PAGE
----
Cartoonist Hani Abbas’s life traces a map of the spiral of war and displacement that has defined so much of the Arab east: born to a Palestinian family pushed into Syria by the creation of the state of Israel, and later successively fleeing to Lebanon and Europe, where he has settled in Switzerland. His best work, he says in this International Boulevard interview, was done in Syria in the early days of the revolt against Bashar al-Assad.
You are Palestinian, born in a refugee camp in Syria; you then became a refugee from there in Lebanon, and are now a refugee in Switzerland…
A life of huge ruptures. And when you think that there are millions of us going through this: we are born without a country and then we live all our lives without a country. It is painful for sure. I have never experienced the feeling of being home in any country.
What was family life like during your childhood? And describe your family life now; where are they all?
Given the circumstances of life in a refugee camp, my childhood was pretty ordinary. My father was a school principal and my mother was a school teacher. But yes, I suppose that the most important influence on me as a child was the experience of growing up in a refugee camp; as a child [there]you learn a lot and you get to experiment a lot too. I had so many friends and so many stories happened to us. My grandparents used to live with us. When there are three generations living under the same roof, the kids learn more about life. After the destruction and the killing brought on us by Assad, my whole family had to flee from Syria.
Were you always a press cartoonist, even before the war started in Syria? If you worked at all in the Syrian press, what was that like?
I started drawing cartoons for newspapers in 1998. Before the revolution began I used to work for two governmental newspapers, and one private daily. For me, what was more important than the experience of working in the Syrian press was when I made the decision to leave the government-run press and join the revolution of the Syrian people.
Did the war change your style (of drawing)?
If we agree on what the word “war” means; in this case it is a war against the people. It certainly changed me. I felt like I had been turned into another person. Now what I was drawing had a real meaning. I am at the heart of the events, and I am transmitting a message with my drawings, that of telling the truth, and I have to take direct responsibility for the consequences my drawings bear. I almost lost my life. During the revolution, I felt that I was drawing for the right cause. It is a terrifying feeling to be making cartoons while you are living on the edge of the precipice of death.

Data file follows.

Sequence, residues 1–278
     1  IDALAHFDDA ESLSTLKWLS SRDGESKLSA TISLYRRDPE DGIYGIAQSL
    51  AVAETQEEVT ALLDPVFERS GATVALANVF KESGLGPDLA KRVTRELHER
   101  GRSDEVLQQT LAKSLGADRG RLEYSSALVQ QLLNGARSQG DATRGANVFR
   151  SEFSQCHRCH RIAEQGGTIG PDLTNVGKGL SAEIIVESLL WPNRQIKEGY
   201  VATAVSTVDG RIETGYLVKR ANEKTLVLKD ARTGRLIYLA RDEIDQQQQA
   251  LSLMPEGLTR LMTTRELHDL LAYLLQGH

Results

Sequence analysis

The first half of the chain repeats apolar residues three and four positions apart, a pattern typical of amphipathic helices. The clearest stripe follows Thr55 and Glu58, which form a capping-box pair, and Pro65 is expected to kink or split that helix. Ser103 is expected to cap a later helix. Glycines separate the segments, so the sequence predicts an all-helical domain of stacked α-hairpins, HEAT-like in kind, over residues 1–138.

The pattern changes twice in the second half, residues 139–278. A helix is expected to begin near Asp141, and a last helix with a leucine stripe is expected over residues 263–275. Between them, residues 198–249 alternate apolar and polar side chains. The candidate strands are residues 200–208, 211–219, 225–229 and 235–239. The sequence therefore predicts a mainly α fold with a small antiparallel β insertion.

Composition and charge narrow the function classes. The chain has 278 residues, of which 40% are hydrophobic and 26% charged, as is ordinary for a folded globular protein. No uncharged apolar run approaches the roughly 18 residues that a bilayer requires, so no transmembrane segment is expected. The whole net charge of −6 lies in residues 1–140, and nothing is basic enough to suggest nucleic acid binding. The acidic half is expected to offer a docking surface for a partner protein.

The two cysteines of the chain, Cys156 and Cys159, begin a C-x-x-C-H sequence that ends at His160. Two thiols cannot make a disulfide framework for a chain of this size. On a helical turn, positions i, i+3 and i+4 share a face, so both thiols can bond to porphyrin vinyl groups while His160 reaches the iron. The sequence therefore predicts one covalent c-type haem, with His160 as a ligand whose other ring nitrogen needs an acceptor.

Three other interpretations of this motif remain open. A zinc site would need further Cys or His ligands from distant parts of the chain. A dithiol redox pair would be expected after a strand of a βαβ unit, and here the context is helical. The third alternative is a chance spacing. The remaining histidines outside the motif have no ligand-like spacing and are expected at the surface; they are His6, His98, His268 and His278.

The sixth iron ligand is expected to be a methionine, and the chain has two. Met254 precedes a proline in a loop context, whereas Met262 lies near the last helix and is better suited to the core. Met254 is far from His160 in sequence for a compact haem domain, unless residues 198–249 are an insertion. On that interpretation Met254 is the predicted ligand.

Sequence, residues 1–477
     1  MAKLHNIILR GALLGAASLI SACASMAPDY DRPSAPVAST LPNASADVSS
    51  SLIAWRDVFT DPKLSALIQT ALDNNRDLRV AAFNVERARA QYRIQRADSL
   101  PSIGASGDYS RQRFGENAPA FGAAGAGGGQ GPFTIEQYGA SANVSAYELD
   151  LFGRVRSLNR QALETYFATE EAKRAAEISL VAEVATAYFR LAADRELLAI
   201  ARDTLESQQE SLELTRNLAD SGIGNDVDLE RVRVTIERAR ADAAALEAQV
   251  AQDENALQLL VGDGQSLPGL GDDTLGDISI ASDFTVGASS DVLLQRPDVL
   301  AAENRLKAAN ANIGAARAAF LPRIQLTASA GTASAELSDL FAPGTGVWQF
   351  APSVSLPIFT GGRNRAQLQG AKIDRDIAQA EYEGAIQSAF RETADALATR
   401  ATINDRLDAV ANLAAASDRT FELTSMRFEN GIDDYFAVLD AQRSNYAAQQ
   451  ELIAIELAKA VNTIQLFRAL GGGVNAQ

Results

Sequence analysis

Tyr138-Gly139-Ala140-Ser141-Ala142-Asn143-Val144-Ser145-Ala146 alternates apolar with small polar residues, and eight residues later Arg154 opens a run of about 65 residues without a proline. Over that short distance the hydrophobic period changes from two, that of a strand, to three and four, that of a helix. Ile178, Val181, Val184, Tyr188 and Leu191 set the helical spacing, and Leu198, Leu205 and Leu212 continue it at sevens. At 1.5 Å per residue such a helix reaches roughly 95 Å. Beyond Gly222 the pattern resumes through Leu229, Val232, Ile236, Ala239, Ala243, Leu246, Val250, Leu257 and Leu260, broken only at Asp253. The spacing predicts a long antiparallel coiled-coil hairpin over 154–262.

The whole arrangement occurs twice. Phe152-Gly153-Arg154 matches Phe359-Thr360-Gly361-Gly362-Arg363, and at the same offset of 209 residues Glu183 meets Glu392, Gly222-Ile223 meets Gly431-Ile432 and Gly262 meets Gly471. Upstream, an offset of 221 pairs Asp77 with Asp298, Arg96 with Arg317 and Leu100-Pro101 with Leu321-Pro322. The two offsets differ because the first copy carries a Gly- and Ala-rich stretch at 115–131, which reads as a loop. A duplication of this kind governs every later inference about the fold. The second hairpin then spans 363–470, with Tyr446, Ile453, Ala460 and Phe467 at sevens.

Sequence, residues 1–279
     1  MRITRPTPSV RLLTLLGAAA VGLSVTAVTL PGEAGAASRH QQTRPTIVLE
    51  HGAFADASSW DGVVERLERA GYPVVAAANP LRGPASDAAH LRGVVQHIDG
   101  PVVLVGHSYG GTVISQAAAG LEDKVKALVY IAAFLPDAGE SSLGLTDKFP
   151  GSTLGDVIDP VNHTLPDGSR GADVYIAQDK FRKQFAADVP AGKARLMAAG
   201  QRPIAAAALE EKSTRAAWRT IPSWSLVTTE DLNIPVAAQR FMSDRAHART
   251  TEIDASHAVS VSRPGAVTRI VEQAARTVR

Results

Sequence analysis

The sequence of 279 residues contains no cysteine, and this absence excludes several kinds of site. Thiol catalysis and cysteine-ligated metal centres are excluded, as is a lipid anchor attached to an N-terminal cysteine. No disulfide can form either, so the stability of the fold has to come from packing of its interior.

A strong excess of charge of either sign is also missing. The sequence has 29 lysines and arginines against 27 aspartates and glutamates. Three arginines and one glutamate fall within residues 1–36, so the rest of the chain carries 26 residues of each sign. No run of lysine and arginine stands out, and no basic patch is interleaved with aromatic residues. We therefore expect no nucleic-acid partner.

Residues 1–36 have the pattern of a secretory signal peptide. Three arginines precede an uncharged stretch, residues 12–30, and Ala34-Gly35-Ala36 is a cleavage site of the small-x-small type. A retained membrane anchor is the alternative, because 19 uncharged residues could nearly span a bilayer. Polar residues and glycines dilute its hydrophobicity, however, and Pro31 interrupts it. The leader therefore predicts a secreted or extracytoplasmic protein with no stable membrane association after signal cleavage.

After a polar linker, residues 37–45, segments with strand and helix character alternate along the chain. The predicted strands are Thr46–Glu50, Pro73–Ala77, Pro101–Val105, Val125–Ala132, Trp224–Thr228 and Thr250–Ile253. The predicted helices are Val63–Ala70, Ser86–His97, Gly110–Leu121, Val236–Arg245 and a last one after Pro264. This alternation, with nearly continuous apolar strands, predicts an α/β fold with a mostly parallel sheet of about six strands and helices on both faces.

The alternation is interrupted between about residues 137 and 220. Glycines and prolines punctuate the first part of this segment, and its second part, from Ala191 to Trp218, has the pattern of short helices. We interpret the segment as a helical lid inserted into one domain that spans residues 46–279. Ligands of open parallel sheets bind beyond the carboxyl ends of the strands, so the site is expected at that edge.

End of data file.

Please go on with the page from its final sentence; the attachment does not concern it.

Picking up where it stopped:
Do you have any beautiful memories of Yarmouk or was it always bleak?
I lived 35 years in the refugee camp of Yarmouk. What is left from those years are not just memories; it is a story of life, a memory full and complete. I do have many beautiful memories of my growing up in Yarmouk but in the late period the pain overwhelmed everything else. And so the memory has turned into pain; we lost so many of our relatives, so many of our friends, so many of our streets and our neighborhoods and our personal relationships. We have lost the simple living and the companionship that gave meaning to our lives.
There are two main sensations I get looking at your drawings: it is either strikingly gory – almost difficult to look at, or on the contrary it has a very striking “childlike sensitivity”…
I always try to bring in my drawings as much of me and my feelings as I can. Whatever the concept of the cartoon is. Because what I want is to carry an emotion first not just an idea, I want the viewer to feel it. And that is what explains what you call a “childlike” sensitivity….
We picked a collection of your drawings here, is there one in particular that you’d like to comment on?
Probably the drawing of the mother who is distributing her children throughout the whole world has the biggest impact on me when I look at it. That is our life now. My siblings and I live so apart from each other–this is my new reality and it something that really hurts me.
You are an exceptionally talented and prolific artist, does art help when you live through a nightmare like the war your country is going through?
In the end, art is a great tool to unburden us of our deeper feelings, in that sense creating it gives you a feeling of relief. It can also cause many troubles and dangers. And it sometimes also gives you the sense of having achieved something that is morally good and satisfying. I personally prefer the drawings I did while I was under the shelling in Syria. They have a greater value to me. The words in the drawings of that period have a special meaning, each one of them has a special story associated with it, and when you look carefully you can see that the lines were drawn by a slightly trembling hand.
Daikha Dridi Translated from Arabic by International Boulevard
05 Oct 2015